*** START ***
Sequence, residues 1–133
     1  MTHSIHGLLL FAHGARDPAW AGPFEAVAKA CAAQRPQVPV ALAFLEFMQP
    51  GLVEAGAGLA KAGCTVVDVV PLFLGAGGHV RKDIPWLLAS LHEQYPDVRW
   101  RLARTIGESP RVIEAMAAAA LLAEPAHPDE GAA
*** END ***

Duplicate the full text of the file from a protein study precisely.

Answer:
Sequence, residues 1–133
     1  MTHSIHGLLL FAHGARDPAW AGPFEAVAKA CAAQRPQVPV ALAFLEFMQP
    51  GLVEAGAGLA KAGCTVVDVV PLFLGAGGHV RKDIPWLLAS LHEQYPDVRW
   101  RLARTIGESP RVIEAMAAAA LLAEPAHPDE GAA